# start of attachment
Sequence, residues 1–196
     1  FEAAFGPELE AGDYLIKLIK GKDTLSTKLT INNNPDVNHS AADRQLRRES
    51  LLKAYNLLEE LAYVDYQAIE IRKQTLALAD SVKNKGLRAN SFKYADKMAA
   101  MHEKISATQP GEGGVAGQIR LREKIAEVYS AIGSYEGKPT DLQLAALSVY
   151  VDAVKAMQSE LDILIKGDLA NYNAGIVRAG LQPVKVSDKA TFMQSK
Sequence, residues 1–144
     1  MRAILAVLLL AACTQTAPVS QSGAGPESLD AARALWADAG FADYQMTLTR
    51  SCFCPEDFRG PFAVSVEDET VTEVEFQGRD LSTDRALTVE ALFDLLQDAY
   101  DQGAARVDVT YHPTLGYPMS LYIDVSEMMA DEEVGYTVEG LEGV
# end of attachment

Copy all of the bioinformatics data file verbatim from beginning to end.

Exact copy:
Sequence, residues 1–196
     1  FEAAFGPELE AGDYLIKLIK GKDTLSTKLT INNNPDVNHS AADRQLRRES
    51  LLKAYNLLEE LAYVDYQAIE IRKQTLALAD SVKNKGLRAN SFKYADKMAA
   101  MHEKISATQP GEGGVAGQIR LREKIAEVYS AIGSYEGKPT DLQLAALSVY
   151  VDAVKAMQSE LDILIKGDLA NYNAGIVRAG LQPVKVSDKA TFMQSK
Sequence, residues 1–144
     1  MRAILAVLLL AACTQTAPVS QSGAGPESLD AARALWADAG FADYQMTLTR
    51  SCFCPEDFRG PFAVSVEDET VTEVEFQGRD LSTDRALTVE ALFDLLQDAY
   101  DQGAARVDVT YHPTLGYPMS LYIDVSEMMA DEEVGYTVEG LEGV